Soupault sketches lively portraits of surrealist precursors like Pierre Reverdy and Blaise Cendrars, a moving account of his tragic fellow surrealist René Crevel, and the story of his unlikely friendship with right-wing anti-Vichy critic George Bernanos.

The collection ends with essays on two modernist forerunners, Charles Baudelaire and Henri Rousseau. With an afterword by Ron Padgett recounting his meeting with Soupault in the mid 70’s and a preface by André Breton biographer Mark Polizzotti, Lost Profiles confirms Soupault’s place in the vanguard of twentieth-century literature.

Philippe Soupault (1897-1990) served in the French army during WWI and subsequently joined the Dada movement. In 1919, he collaborated with André Breton on the automatic text Les Champs magnétiques, launching the surrealist movement. In the years that followed, he wrote novels and journalism, directed Radio Tunis in Tunisia, and worked for UNESCO.

Lost Profiles
Memoirs of Cubism, Dada, and Surrealism
Philippe Soupault
Translated by Alan Bernheimer
Foreword by Mark Polizzotti
Afterword by Ron Padgett
Paperback – $13.95
Pages:112 – 2016
City Lights Publishers

“(…) a brief account by a perceptive writer who was on the scene when modernity was young.”, Robert Fulford magazine

More in: - Book News, - Book Stories, Archive S-T, Art & Literature News, Art Criticism, DADA, Dadaïsme, EXPERIMENTAL POETRY, EXPRESSIONISM, DADA & DE STIJL, SURREALISM, Kubisme, SURREALISM, Surrealisme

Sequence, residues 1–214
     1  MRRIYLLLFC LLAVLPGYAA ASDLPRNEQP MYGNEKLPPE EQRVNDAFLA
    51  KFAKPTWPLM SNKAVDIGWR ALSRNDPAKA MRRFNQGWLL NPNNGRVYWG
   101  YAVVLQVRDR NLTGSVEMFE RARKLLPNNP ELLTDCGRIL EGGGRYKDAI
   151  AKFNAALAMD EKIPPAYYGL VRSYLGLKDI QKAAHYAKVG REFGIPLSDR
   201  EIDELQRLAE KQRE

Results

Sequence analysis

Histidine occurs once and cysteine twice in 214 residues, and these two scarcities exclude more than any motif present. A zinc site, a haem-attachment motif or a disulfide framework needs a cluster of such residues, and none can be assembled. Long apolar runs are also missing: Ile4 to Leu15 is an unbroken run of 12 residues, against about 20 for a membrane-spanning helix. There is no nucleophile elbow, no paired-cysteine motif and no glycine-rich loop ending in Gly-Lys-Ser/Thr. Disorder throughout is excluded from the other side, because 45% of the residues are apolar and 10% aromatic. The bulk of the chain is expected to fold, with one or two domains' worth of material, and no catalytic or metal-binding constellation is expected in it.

APPOLINAIRE2016_01Musée de l’Orangerie, Paris
Apollinaire, the vision of the poet
Until 18 July 2016

The exhibition Apollinaire, the Eyes of the Poet looks at the period between 1902 and 1918 when Guillaume Apollinaire was active as an art critic. This period of fifteen years, seemingly a brief span, would in fact see a prodigious concentration of schools, manifestos, experiments and discoveries flourishing throughout the arts. Apollinaire’s character, his artistic sensitivity and his insatiable curiosity, made him a witness, a participant and a privileged intermediary in the turbulent times of the early 20th century. With a keen eye for discovering the art of his time, Apollinaire “defined once and for all the approach of artists like Matisse, Derain, Picasso and Chirico (…) using intellectual surveying techniques not seen since Baudelaire” Breton declared in 1952.
The aim of this exhibition is to recognise the important effect that this poet-critic’s discerning eye had on his era, in much the same way as Baudelaire and Mallarmé had on theirs.

APPOLINAIRE2016_06Poet, critic, friend of artists and one of the first to discover African arts, Apollinaire proved to be a key player in the aesthetic revolution that led to the birth of modern art.